• Social Distancing Guidelines. Yep, we’re still doing this, even after reopening! For the foreseeable future, this is the new way of life!

    • Enter/Exit. From the moment employees or customers enter your business, you need to be able to limit people from congregating in spaces and lobby areas. Many doctors’ offices are having patients stay in their vehicle until the doctor is ready to see them, and then they head straight to the exam room. If someone has a meeting scheduled, it should probably follow this same protocol. As ironic as it sounds, your waiting room should not have people waiting in it.
    • Separate Shifts. If large groups of employees start work at the same time, it may be a good idea to stagger start times for employees. An example could be to have Group A clock-in at 8:45 am, followed by disinfection of door and clock-in area, followed by 9:00 am clock-in for Group B.

      You may also be able to split your team into smaller shifts or explore creative options with flextime. There may be employees willing to work in the evening, with the idea that they will be there with less people in the office.

    • Spaced Out. Do you have options to space employees out? Many offices have clusters of cubicles where one section can be completely full and the next section completely empty. If you have the option to keep work spaces at least 6 feet apart, it’s highly advisable to do so.

      Limit crowds in congregating areas like conference rooms or lunch rooms. You can also limit the number of employees in restrooms to one at a time by taking a look at the locks on the door.

    • Kitchens/Break Rooms. The coffee pot or Keurig machine is probably one of the most touched items in an office. These should not be used and employees can be encouraged to bring coffee from home.

      The refrigerator and microwave are other appliances that are touched by a lot of people, not to mention the sharing of condiment containers. Have sanitizing wipes nearby to use for opening and closing the doors.
  • PPE. Source and offer personal protective equipment for your work teams. For your employees, going to work is the same as being out in public, so they may wear masks; or you may choose to have everyone wear masks.

    The supply chain for PPE is still stressed and most PPE is hard to acquire, probably more expensive than a month ago and shipping times are delayed. It’s crucial to vet sources for purchasing PPE, as you will find usage levels high and availability low.

    The most common PPE you should consider providing are gloves and masks. However, have a system in place to help ensure these items don’t disappear.

  • Promote Healthy Personal Hygiene Habits. It’s so important for everyone to remember to properly wash their hands, stay home when someone is sick and use PPE correctly.

    Speaking of staying home if someone is sick, it’s a good idea to suggest employees check the CDC site often, as information on symptoms changes. Here’s the CDC COVID-19 site, with information on symptoms and what to do if you’re sick:

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Once you have planned and set the expectations for your team, it is important that employees have access to this information.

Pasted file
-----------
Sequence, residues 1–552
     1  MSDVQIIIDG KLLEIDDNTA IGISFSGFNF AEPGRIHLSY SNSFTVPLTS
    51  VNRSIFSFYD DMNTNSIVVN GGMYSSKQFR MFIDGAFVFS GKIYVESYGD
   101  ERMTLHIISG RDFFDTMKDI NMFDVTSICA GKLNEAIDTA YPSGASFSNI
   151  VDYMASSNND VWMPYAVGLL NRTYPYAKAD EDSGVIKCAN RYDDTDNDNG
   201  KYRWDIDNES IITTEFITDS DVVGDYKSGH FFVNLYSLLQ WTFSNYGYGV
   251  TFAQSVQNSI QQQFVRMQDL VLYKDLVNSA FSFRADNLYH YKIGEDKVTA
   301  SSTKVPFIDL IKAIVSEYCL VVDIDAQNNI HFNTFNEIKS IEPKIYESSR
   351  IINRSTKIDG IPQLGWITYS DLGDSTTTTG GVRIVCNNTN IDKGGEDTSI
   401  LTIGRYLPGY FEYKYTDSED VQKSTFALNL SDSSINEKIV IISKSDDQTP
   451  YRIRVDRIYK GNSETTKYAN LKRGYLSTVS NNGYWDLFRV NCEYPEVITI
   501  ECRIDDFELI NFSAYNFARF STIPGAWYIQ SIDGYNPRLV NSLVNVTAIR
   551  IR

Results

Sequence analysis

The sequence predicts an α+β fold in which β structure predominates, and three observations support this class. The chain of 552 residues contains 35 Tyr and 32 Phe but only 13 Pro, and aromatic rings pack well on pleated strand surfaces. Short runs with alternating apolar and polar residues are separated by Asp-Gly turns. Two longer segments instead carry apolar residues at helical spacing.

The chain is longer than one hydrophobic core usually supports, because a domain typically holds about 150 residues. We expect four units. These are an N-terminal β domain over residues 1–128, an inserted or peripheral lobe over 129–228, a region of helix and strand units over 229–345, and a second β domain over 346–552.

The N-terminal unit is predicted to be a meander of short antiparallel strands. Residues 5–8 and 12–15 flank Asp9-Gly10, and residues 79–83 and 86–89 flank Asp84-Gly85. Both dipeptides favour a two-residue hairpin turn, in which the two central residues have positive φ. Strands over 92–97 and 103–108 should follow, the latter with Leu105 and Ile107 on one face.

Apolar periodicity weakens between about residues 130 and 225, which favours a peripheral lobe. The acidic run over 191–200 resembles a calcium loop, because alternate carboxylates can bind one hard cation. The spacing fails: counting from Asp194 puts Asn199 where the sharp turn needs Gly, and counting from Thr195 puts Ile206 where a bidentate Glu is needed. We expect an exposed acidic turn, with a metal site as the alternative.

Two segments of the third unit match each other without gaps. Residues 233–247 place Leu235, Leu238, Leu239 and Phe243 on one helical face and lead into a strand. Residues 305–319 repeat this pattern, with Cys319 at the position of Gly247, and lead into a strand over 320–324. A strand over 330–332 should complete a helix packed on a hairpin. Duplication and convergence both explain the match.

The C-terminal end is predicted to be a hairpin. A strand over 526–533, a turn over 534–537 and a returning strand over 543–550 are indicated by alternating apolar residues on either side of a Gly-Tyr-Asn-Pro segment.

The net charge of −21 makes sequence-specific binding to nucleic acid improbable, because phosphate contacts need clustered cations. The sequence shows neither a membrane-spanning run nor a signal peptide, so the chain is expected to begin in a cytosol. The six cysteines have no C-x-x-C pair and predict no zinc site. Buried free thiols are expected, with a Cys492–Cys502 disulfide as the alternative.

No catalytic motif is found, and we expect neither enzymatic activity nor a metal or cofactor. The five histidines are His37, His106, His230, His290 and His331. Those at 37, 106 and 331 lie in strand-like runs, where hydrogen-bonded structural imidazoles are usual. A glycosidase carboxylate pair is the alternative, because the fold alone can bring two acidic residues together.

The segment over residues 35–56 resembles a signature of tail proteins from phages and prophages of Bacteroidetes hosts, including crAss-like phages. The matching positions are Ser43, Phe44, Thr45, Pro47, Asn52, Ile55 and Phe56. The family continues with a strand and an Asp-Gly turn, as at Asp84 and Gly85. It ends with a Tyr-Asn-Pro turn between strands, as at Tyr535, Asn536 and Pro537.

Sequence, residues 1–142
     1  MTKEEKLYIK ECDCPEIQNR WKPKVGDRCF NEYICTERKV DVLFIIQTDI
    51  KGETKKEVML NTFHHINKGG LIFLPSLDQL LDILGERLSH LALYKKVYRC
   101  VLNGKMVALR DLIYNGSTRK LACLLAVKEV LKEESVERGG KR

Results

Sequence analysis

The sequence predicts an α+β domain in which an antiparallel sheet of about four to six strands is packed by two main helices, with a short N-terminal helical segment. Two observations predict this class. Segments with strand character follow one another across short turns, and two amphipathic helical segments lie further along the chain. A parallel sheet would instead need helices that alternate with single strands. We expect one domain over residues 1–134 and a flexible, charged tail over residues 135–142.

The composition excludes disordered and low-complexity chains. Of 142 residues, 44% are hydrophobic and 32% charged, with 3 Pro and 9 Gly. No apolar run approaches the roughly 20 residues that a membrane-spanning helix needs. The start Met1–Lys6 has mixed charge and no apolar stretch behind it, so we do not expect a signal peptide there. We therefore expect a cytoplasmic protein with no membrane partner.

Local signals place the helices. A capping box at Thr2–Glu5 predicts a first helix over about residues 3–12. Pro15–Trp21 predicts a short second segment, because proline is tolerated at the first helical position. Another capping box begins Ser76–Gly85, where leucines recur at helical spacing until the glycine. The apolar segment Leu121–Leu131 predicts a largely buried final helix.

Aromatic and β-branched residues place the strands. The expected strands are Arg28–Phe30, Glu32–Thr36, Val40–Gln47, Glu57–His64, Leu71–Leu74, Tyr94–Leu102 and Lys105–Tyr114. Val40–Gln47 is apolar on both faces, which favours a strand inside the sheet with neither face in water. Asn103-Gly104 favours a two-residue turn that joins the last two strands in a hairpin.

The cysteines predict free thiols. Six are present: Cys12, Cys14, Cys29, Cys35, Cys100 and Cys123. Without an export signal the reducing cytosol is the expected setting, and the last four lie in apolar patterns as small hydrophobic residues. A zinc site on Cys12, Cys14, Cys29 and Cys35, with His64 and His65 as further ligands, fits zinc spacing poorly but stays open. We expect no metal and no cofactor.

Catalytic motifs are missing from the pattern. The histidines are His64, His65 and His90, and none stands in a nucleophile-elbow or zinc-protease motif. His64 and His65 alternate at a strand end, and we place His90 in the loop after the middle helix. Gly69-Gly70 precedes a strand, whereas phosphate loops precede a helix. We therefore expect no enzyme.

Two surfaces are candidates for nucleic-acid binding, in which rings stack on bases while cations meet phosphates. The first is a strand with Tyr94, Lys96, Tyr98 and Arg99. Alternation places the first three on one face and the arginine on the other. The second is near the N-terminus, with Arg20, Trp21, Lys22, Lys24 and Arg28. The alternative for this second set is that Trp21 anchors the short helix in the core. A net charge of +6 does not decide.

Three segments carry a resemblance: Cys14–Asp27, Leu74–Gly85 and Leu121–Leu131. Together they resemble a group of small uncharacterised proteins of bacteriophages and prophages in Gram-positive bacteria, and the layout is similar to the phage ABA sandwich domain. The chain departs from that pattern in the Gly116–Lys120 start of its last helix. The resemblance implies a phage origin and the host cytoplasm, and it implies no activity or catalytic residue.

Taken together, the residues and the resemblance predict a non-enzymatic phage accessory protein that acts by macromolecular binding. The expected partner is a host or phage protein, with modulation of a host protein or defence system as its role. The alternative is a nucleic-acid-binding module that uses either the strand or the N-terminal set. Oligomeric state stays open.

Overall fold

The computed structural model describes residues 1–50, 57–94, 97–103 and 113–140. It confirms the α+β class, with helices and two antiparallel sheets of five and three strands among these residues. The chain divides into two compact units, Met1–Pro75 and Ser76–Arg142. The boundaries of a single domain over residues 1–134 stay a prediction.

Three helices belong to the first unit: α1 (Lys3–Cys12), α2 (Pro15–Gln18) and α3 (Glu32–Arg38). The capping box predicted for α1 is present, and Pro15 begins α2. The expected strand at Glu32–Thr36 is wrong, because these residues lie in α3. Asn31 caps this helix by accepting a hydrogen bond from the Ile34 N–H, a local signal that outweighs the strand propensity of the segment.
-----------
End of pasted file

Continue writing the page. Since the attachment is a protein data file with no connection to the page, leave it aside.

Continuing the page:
Remember all the changes and emotions everyone is experiencing? This is why they need the information about the reopening communicated to them. They may need to alter their typical routine before the first day back. Maybe someone always went out for lunch, but now they may need to be prepared to pack their own lunch.

  • Post signs for critical activities where they make sense and can be seen.
  • Hand washing signs in bathrooms, line procedures on the front door and cleaning/disinfecting instructions after using the conference room near the door or light switch.

Even if all the information is disseminated to the work force before the reopen, everyone appreciates a well thought out reminder system, and proper signage helps to convey the message that you care about employee and customer safety and health.

Monitor and Evaluate

Information changes almost on a daily basis. It’s a good practice to make sure the employees understand that any new guidelines can be changed, removed or expanded upon in the future.

Monitor which of these new initiatives are effective and at what cost. Are the results you intended being achieved? If anything becomes troublesome, you may need to brainstorm new alternatives to previous guidelines that work better for your situation.

Stay up to date with local and state guidelines and make sure your policies are compliant. Be ready to hear employee suggestions and also reports of unsafe behavior.

Ongoing evaluation of your policies is essential to the program’s success. Ideally, we hope that reopening is as least troublesome as possible. However, during these unprecedented times, it is always best to err on the side of caution and safety. By incorporating these suggestions into your plan, you can help keep yourself and employees safe while operating your business.

For more information or to download our Ultimate Guide to Selecting a Janitorial Services Partner, visit For more info on CDC guidelines for businesses, visit